Most Popular Podcasts of 2019
Most Popular Podcasts of 2019

As 2019 comes to a close, we look back at the most popular episodes from After Hours, Climate Rising, Cold Call, Disruptive Voice, Managing the Future of Work, Sky Deck, and Under the Datascope. Each episode is available below.

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12 Dec 2019  
Listen in as Harvard Business School faculty discuss hot topics at the intersection of business and society.

Youngme Moon, Felix Oberholzer-Gee, and Mihir Desai discuss how Walmart is trying to compete against Amazon and whether the strategy is working. They also debate the rise of socialism in U.S. millennials — is it a healthy phenomenon or a dangerous one?

Business and policy leaders join Harvard Business School faculty to discuss what businesses are doing, can do, and should do to confront climate change.


What influence does business have on the politics of climate change? In today’s episode, we'll look at how climate change affects different businesses, and how proposed regulations like a carbon tax could help or harm business. Weighing in with their unique perspectives are Auden Schendler from Aspen Skiing Company, Bill Eacho from the Partnership for Responsible Growth, and Professor Mike Toffel.

ABOUT COLD CALL:
Cold Call distills Harvard Business School’s legendary case studies into podcast form. Hosted by Brian Kenny, the podcast airs every two weeks and features faculty discussing cases they’ve written and the lessons they impart.



Harvard Business School professor Sunil Gupta explores the infiltration of Amazon into dozens of industries including web services, grocery, online video streaming, content creation and, oh, did we mention physical bookstores? What’s the big plan? Is the company spread too thin, or poised for astronomical success? Learn more about this discussion in his case, “Amazon 2019.”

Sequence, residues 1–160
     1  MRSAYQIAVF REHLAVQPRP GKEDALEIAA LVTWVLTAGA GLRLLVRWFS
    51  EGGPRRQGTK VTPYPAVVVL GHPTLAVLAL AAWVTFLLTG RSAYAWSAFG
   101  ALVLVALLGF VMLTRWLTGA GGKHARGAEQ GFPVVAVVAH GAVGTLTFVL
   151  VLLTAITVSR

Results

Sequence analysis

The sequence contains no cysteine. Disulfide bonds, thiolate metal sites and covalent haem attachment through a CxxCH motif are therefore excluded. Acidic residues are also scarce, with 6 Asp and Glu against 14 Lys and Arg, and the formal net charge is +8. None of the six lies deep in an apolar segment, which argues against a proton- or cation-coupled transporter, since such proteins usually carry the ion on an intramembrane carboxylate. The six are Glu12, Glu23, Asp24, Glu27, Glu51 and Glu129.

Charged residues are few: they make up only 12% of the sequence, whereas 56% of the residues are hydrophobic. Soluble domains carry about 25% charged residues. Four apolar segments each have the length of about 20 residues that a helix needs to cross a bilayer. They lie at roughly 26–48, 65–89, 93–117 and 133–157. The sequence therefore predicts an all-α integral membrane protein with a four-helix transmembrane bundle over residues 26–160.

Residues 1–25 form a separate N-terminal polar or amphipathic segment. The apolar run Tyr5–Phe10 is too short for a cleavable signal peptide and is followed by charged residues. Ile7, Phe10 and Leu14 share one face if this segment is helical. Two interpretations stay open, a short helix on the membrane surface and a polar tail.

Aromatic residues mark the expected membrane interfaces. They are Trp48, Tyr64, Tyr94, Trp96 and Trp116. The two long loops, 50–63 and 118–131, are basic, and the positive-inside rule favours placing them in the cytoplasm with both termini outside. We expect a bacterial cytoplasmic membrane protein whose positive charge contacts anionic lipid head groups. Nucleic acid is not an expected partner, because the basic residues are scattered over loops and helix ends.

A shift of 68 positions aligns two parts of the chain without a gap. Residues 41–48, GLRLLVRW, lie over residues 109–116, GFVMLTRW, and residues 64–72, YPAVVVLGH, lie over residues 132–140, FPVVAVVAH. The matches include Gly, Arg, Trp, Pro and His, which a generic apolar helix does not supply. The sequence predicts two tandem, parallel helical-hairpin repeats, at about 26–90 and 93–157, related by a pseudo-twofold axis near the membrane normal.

Exploring the theories of disruptive innovation across a broad set of industries and circumstances with academics, researchers, and practitioners who have been inspired and taught by Professor Clayton M. Christensen.

This week on The Disruptive Voice, Derek van Bever, director of the Forum for Growth & Innovation and senior lecturer at Harvard Business School, is joined in the studio by Bob Moesta and Andrew Glaser for an illuminating discussion of the “paradox of innovation” through the lens of Jobs-to-be-Done Theory. Andrew is chief strategy officer at American Signature, Inc. and an outspoken evangelist for JTBD, which was co-architected by Bob Moesta, president and CEO of the Re-Wired Group. We’re delighted to bring you this conversation on the disjunct between innovator and consumer perceptions, leveraging Jobs Theory effectively in an organization, and the role of honesty and vulnerability in JTBD interviews.

Harvard Business School Professors Bill Kerr and Joe Fuller talk to leaders grappling with the forces reshaping the nature of work.



Goldman Sachs, a bastion of Wall Street for over 150 years, has been remaking itself using new technology. Marty Chavez, co-head of securities and former CFO, has played a key role in this transition as workflows, position titles, and business models across the bank are reimagined. As he says, trading and coding are now “literally” one and the same. Hear him describe how technology is changing what it means to be a bank and give tips to executives working to navigate the transition to AI.

ABOUT SKYDECK:
Skydeck features interviews with alumni from across the world of business, sharing lessons learned and their own life experiences.



Radical Candor author Kim Scott on what effective feedback really looks like—and why it will make you a better boss.

Showcasing the business models, technologies, and proof points of data & analytics leaders in precision medicine.



A majority of clinical trials fail because they can’t enroll enough patients. One reason for this is patients and clinical trials teams simply can’t find each other. Deep6 CEO Wout Brusselaers talks about how his company is using AI to transform the process of identifying patients for clinical trials and research, and how the challenges go way beyond just making the technology work.

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